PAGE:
[0002] CDMA communication technologies can be utilized in wireless communications systems such as cellular telephone systems. The system can include base stations that communicate with mobile stations over traffic channels using the same frequency. In such a system, each mobile station is assigned a spreading-sequence (a line of a n×n Walsh matrix in a contemporary CDMA network(n=64,128,256)) and a scrambling sequence (a long pseudorandom or gold sequence that is local to the base or to the network in present CDMA networks) which are used to spread the sequence of incoming signals, filtered to an assigned bandwidth in order to recover transmitted information. Each base station transmits, in addition, a pilot channel (currently transmitting the base scrambling sequence with no information), which is received by all local mobile stations. Each network base station of the same location uses the same pilot code but with a different time offset to enable each mobile state to distinguish the signals transmitted from different base stations.

[0003] In order for the mobile station to use a traffic channel and communicate through the communications network, the mobile station needs to synchronize on a time scale with a nearby base station using the pilot channel. Generally, a searcher receiver in each mobile station attempts to synchronize with a base station by correlating a scrambling sequence generated by the mobile station with a sequence of incoming sampled signals.

BRIEF DESCRIPTION OF THE DRAWINGS

[0004] FIG. 1 is a block diagram of a communications system.

[0005] FIG. 2 is block diagram of a searcher receiver.

[0006] FIG. 3 is flow diagram of a method of operating the searcher receiver according.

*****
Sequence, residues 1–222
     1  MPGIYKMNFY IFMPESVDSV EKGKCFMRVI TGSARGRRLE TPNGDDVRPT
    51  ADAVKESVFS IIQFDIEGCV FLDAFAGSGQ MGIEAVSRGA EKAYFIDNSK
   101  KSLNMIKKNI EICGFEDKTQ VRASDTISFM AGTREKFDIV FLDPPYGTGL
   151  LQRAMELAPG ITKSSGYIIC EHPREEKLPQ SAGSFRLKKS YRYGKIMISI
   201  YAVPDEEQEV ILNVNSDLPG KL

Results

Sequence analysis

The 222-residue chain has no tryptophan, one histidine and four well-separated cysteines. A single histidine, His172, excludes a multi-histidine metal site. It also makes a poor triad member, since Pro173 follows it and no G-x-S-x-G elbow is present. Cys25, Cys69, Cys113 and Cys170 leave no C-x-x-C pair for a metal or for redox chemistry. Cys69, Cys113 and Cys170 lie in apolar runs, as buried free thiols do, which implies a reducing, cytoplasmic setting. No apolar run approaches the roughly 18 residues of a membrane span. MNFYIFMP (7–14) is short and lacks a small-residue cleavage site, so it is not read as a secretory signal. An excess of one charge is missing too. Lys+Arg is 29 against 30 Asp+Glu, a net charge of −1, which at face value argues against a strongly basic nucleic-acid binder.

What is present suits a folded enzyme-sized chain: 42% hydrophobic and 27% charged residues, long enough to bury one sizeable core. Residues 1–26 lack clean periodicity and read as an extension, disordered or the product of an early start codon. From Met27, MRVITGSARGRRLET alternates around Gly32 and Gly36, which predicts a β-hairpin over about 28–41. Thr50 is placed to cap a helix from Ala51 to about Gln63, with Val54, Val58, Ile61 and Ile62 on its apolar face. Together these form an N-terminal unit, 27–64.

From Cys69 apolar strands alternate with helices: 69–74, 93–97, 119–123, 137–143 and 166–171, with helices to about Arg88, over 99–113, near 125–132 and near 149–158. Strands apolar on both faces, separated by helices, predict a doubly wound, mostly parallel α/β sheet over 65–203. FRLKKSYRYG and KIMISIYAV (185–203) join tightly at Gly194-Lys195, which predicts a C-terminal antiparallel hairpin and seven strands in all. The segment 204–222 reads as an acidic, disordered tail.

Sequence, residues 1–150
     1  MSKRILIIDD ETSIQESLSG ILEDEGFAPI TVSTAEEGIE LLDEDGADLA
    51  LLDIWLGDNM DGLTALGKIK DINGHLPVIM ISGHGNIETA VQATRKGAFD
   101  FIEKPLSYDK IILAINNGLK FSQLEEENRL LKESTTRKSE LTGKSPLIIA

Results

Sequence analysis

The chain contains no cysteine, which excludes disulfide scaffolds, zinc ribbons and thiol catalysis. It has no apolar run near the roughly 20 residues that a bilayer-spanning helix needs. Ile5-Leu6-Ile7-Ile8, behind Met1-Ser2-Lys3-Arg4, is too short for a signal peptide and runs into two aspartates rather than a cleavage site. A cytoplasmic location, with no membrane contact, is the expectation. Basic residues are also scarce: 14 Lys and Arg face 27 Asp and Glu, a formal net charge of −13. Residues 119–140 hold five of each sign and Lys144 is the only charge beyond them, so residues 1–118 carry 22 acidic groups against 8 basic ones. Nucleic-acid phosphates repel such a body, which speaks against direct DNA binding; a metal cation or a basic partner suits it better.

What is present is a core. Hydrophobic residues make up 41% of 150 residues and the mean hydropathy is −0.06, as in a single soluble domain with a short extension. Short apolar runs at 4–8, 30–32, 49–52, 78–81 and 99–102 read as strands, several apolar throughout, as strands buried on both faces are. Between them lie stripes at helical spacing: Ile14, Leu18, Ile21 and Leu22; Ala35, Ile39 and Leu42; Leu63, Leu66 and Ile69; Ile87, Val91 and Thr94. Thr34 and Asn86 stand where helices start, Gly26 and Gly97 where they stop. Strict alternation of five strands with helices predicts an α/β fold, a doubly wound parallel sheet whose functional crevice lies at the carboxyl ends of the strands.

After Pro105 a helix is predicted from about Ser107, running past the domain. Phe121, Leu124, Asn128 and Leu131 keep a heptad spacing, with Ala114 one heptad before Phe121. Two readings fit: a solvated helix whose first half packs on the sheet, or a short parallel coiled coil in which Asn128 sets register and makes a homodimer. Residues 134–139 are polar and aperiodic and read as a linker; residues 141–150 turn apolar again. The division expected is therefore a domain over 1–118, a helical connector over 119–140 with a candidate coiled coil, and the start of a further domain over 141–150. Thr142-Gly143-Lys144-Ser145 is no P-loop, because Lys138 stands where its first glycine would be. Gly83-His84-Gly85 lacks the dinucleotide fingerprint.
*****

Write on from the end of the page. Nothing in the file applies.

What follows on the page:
DETAILED DESCRIPTION

[0007] As shown in FIG. 1, a communications system 10 includes base stations, such as base station 12, configured for radio communications with one or more mobile stations such as mobile station 14. The mobile station 14 is configured to transmit and receive information in a CDMA network and hence it can communicate with the base station 12.

[0008] The base station 12 transmits signals containing data to the mobile station 14. In a CDMA embodiment, the base station 12 uses a spread spectrum technique for transmitting data that occupies a larger bandwidth than what is commonly required for conventional techniques. This technique employs a code-sequence, which is independent of the data, to modulate the data to be transmitted. The conjugate of this code is used to demodulate the data at a receiving end. The data on a traffic channel is spread using a spread code such as an orthogonal Walsh code in a process known as Walsh covering. Each base station assigns a unique orthogonal Walsh code to each mobile station.

[0009] The use of a Walsh code allows the symbols transmitted to each mobile station to be orthogonal with respect to every other mobile station. Each mobile station processes the sequence of sampled-incoming-signals with its own assigned Walsh code that corresponds with its assigned traffic channel and with the local scrambling sequence.

[0010] In addition to traffic channels, the base station 12 broadcasts a pilot channel, a synchronization channel, and a paging channel (or channels). The pilot channel is formed by transmitting an all-zero data sequence covered by Walsh code 0 consisting of all 1's. The pilot channel can be received by all mobile stations within range and is used by a mobile station for identifying the presence of a CDMA base-station, initial system acquisition, idle mode handoff, and for demodulation of the synchronization, paging, and traffic channels. The synchronization channel is used for synchronizing mobile station to base station timing. The paging channel is used for sending paging information from the base station 12 to the mobile stations including mobile station 14.